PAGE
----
"Biglietto da visita" in Italian, it was used also for accompanying a gift, most people used to have two sets, one, a proper "visit card" without anything but the title and the name (and the title was usually striken with a pen to show familiarity) and one more properly a "business card" with the postal address and (once available) phone number.


In Spanish too. "Tarjeta de visita".


Same in Russian - "vizitka".


In Italy we have "biglietti da visita" which literally translate, as you may guess, in "visiting cards."


In India they still call them visiting cards


Same goes for Danish - visitkort as in Swedish


Let me add Norwegian to the list as well, only with a double t in visitt (double because the vowel in front should have shorter pronunciation I think).


Interesting article but it shows the cultural biais of Wikipedia, not a word about Asia where visiting cards might have been even more important to social interactions.


It's odd that in 2017 we are still having this debate. wiki welcomes you to improve the article. In fact that's the whole idea behind the site. It's odd that some users are still missing this use case in its entirety.


Don't edit for the same reason I stay away from Stack Overflow as long as possible:

Less chance of being bitten by people who seems to think they does the planet a service by rejecting and deleting content.

I recognise this might only be a misunderstanding, I rarely get bitten myself but I have seen enough useful questions and answers being punished on SO and enough Meta discussions telling everyone how great this is to learn that the site is mostly not for me.


> wiki welcomes you

Welcomes? Over the years there have been many projects to make Wikipedia more welcoming to newcomers, because WP recognised that the "don't bite the newbies" guidance is nto always followed.

I don't know what it's like now. I'd be interested to see the results of surveys of new editors.


It's those who complain about the quality of Wikipedia whom, in the same vein, complain it's hard for newbies to edit it.

I've had edits rejected and I must say Wikipedia's 'assume good faith' policy makes it less hard on the newbie ego.

https://en.wikipedia.org/wiki/Wikipedia:Assume_good_faith

Maybe newbie edits that don't cut the mark is one of the processes that attempt to drive the quality upward.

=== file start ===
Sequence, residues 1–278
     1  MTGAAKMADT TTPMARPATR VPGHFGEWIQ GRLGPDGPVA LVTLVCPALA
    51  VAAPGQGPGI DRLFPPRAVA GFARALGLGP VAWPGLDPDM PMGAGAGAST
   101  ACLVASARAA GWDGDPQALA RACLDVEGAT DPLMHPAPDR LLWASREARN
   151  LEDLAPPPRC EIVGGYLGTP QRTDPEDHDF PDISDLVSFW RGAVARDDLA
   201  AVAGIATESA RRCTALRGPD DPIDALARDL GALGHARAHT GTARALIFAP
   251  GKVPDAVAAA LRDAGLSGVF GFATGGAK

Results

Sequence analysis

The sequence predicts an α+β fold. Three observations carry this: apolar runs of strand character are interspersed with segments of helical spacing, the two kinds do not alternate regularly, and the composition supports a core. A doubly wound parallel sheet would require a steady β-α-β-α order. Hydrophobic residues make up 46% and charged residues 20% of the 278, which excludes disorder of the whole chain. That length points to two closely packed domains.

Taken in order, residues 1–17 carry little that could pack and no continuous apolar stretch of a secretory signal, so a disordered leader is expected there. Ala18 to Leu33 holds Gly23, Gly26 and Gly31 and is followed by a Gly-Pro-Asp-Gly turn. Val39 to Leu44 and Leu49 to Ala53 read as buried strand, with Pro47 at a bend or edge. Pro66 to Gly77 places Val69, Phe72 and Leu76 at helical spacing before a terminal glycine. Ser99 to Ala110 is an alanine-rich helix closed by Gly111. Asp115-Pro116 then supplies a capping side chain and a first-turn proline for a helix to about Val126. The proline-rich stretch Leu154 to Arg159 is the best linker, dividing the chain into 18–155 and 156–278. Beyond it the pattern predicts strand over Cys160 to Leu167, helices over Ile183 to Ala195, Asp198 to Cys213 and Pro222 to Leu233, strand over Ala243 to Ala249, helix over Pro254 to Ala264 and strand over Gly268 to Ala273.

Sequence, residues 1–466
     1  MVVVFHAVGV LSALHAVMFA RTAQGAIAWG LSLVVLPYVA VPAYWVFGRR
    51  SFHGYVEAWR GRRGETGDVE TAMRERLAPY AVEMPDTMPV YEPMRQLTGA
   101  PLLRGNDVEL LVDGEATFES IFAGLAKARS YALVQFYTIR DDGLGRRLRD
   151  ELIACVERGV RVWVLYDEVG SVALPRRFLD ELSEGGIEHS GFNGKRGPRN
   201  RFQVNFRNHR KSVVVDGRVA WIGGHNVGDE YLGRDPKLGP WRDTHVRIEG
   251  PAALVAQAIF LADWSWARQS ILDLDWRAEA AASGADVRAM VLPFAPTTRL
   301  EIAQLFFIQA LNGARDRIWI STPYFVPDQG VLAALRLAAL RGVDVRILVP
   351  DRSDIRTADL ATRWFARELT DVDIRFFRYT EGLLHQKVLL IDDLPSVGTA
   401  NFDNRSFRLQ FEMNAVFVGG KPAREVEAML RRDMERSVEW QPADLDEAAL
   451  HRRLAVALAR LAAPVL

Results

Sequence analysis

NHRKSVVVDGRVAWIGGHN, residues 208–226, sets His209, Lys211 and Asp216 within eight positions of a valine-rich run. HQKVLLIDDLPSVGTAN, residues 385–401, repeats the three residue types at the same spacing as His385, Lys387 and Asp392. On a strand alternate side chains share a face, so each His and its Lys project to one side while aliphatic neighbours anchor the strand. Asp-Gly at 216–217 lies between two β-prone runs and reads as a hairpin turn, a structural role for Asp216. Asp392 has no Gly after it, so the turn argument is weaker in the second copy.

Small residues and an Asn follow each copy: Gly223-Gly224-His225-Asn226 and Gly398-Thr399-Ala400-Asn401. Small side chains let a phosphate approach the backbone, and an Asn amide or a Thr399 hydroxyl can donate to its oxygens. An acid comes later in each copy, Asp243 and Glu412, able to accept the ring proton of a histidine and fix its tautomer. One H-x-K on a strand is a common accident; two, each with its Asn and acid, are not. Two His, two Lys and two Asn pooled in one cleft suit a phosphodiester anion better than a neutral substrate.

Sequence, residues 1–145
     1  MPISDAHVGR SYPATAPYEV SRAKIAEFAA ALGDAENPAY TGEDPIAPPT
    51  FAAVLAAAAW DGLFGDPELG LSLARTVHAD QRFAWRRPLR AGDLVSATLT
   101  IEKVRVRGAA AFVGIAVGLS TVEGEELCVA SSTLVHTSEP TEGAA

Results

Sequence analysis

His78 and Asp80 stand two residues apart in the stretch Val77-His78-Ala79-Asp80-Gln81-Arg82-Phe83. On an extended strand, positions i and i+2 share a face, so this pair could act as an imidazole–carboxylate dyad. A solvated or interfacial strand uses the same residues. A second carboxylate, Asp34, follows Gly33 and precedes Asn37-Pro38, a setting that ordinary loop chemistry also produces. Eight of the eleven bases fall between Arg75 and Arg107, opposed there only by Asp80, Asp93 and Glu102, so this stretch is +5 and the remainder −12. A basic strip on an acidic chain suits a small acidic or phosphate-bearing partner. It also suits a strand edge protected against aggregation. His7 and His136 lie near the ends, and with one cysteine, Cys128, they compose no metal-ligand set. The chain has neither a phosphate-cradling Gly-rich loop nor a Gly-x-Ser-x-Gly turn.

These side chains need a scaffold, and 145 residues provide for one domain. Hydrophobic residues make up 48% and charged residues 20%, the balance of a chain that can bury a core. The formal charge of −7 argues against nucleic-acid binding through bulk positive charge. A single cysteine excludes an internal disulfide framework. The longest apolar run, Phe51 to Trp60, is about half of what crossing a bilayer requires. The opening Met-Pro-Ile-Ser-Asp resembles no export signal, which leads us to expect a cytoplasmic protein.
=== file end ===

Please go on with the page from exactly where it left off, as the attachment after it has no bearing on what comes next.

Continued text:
The article you're looking for is https://en.wikipedia.org/wiki/Business_card

It is a more general article on what we now call business cards, and contains a significant amount of information about the use of business cards in Japan and the etiquette involved.

OP, on the other hand, is about a specific precursor to the modern business card that only existed in the West.


My uncle loved to give people his card. Just like any business man from the time, he would reach into his pocket during a lengthy conversation, saying "here, let me give you my card."

Out would come this plain white business card, with 2 words printed: "My Card".

He would perform this satire with the most grace and seriousness he could muster.


"only existed in the West." Are you sure? I think I remember these mentionned in the vast Chinese classic litterature. It was the nearly the same usage: an expensive piece of parper with a name on it that was sent back and forth to prepare an irl meeting.


Would be great if you took a few minutes to improve the article then. Reducing the cultural bias of Wikipedia happens the same way as improving Wikipedia in general, one article at a time.


Thanks, I did contribute to Wikipedia long ago (the article about Confucius still has some sequels of my edits), but it happens that I have not enough knowledge on this topic. To me, reminding about Wikipedia's cultural biais is necessary, because many people think it is reliable and complete.


Anyone interested in learning more about this cultural bias might find this essay helpful: https://en.wikipedia.org/wiki/Wikipedia:Systemic_bias


Well, of the English Wikipedia, rather.

It'd be fun if articles had links to their equivalents in other languages, with automatic translation. A problem with Wikipedia is that each language is a separate silo, which lowers the value of an universal encyclopedia.


Look in the sidebar - the Languages section.


(OT) I use that feature all the time when I know the name of, say, a mathematical term in one language but not in another.


Oh wow, this is the exact same use case for me. Other than that I prefer english one and rarely read articles in my own language.


Oh, wow, thanks. I'd seen that, but assumed it was a link to the frontpage of each language. Still would like if it could offer an automatic translation.


Browse with Chrome, job done.


An interesting comment but it shows the preferred language of the contributor. ;)